Kenya opposition halts talks, protests flare

Kenya’s opposition suspended talks with President Mwai Kibaki’s party on Tuesday and police fired tear gas to scatter opposition supporters protesting at deepening deadlock over a power-sharing Cabinet.

Kibaki and rival Raila Odinga delayed naming the new Cabinet on Monday after disagreeing over how to share out ministries and traded blame over who was responsible. The Cabinet is central to a deal on ending Kenya’s post-election crisis.

Anyang’ Nyong’o, secretary general of Odinga’s Orange Democratic Movement (ODM), said talks would be suspended until Kibaki’s party “fully recognises the 50/50 power-sharing arrangement and the principle of portfolio balance”.

As he spoke, Nairobi’s sprawling Kibera slum was convulsed by the biggest protests since both sides signed a power-sharing deal in February to end turmoil that killed at least 1 200 people after Kibaki’s disputed re-election in December.

Residents said youths looted shops and burned tyres. Some ripped up railway lines connecting the Kenyan port of Mombasa, the region’s largest, with Uganda.

“Police are firing tear gas and also firing in the air,” said witness Justine Mokua.

Protests spread to the western opposition stronghold of Kisumu, where police closed in on angry crowds.
“They’re saying, ‘No cabinet, no peace,’” one witness said by telephone.

The shilling currency fell by about 4%, its biggest one-day fall since January 2, at the height of the violence. “These politics can do real harm to our economy,” said Friday Mwafuga, head of trading at Cooperative Bank. “Until this problem is solved, we are in for a rough ride ahead.”

‘Suffered enough’

Kenya, East Africa’s biggest economy and an important regional trade, transport and tourism hub, suffered heavily from the post-election riots and ethnic violence—the worst turmoil since independence in 1963.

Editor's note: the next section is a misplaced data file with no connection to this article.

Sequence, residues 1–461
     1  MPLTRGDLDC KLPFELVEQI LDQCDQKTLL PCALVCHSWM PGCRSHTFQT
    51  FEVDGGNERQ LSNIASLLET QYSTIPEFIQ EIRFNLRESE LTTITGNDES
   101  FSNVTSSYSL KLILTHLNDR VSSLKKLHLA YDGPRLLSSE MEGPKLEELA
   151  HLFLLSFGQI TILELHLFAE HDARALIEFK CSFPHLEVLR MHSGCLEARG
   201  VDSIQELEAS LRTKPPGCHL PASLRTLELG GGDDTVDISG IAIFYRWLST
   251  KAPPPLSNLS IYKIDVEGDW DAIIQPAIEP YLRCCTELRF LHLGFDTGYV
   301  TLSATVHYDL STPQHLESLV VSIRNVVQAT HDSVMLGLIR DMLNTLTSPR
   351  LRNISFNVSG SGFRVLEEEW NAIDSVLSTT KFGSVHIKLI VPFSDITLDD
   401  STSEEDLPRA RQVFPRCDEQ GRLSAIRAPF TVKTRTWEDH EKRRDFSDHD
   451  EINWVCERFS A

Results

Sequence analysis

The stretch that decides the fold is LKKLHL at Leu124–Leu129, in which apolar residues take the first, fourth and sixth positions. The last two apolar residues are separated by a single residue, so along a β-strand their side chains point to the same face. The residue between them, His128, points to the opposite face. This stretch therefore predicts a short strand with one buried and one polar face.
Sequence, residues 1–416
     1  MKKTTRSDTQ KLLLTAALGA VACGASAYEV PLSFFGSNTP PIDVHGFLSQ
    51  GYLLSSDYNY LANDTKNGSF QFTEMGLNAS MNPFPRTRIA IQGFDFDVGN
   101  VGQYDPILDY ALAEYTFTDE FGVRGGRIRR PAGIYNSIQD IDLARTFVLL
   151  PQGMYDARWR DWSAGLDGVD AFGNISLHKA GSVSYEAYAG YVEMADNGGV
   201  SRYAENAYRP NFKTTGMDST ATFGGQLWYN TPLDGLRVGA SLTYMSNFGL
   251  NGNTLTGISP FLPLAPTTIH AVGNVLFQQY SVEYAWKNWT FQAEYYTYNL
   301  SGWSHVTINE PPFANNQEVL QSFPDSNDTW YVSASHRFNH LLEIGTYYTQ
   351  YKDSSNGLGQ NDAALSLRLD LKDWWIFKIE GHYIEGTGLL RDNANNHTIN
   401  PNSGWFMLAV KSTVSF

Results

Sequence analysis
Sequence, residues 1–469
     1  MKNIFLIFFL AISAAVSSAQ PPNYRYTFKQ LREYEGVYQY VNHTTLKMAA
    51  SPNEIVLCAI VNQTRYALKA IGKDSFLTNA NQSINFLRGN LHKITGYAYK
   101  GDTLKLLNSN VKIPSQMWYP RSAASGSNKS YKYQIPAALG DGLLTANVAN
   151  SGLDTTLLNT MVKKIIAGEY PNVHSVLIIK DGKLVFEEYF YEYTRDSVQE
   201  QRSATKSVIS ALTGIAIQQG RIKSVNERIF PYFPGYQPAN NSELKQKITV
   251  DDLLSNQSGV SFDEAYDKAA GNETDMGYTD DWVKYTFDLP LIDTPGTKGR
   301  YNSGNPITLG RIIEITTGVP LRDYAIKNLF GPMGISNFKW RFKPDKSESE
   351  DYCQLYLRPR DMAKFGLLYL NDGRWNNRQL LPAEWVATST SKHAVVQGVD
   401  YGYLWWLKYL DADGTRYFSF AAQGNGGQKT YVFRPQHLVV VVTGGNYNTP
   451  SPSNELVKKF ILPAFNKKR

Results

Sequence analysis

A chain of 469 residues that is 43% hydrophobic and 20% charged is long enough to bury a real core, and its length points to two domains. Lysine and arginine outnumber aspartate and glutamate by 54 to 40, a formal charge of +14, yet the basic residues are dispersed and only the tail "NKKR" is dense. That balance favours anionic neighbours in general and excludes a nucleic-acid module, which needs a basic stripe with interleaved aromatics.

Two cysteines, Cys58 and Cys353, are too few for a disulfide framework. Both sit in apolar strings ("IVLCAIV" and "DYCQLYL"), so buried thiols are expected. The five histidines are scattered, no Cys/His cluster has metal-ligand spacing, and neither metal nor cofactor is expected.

Nyong’o said the opposition was demanding that a partial Cabinet already named by Kibaki be dissolved before any more talks took place. He said the opposition would no longer respect an earlier agreement to a 40-member Cabinet and wanted it to have 34 posts.

But some analysts believe that while Odinga’s party is clearly stepping up the pressure to get what it wants, it has little room for manoeuvre.

“They can accept the offices offered, withdraw from the coalition or resort to mass action,” said Kenyan political analyst Mutahi Ngunyi. If they withdrew, that would hand all power back to Kibaki, he said, but “mass action does not make sense at this time” because of the bloodshed it provoked in January.

Most of the recent disagreement centres on a handful of ministries that Odinga, the prime minister-designate, says Kibaki’s Party of National Unity (PNU) had promised to give up. The PNU denies that, and Kibaki said on Monday he was ready to conclude the process of forming the Cabinet as soon as possible.

One post not in dispute is finance, which means current Finance Minister Amos Kimunya is almost certain to keep his job.

Duncan Kimani, a senior currency trader at Bank of Africa Kenya, hoped the dispute would not degenerate further. “Already the country has suffered enough in terms of tourism and the supply chain being cut off,” he said. “So a prolonged deadlock would mean that even the 4% or 5% growth target we’re looking at might not be achievable.”

Wangui Mbatia, who works with families displaced by the post-election bloodshed, said many Kenyans feared both sides were most focused on taking control of lucrative portfolios.

“If there is a corruption-free government, it shouldn’t matter who has what,” she said.—Reuters

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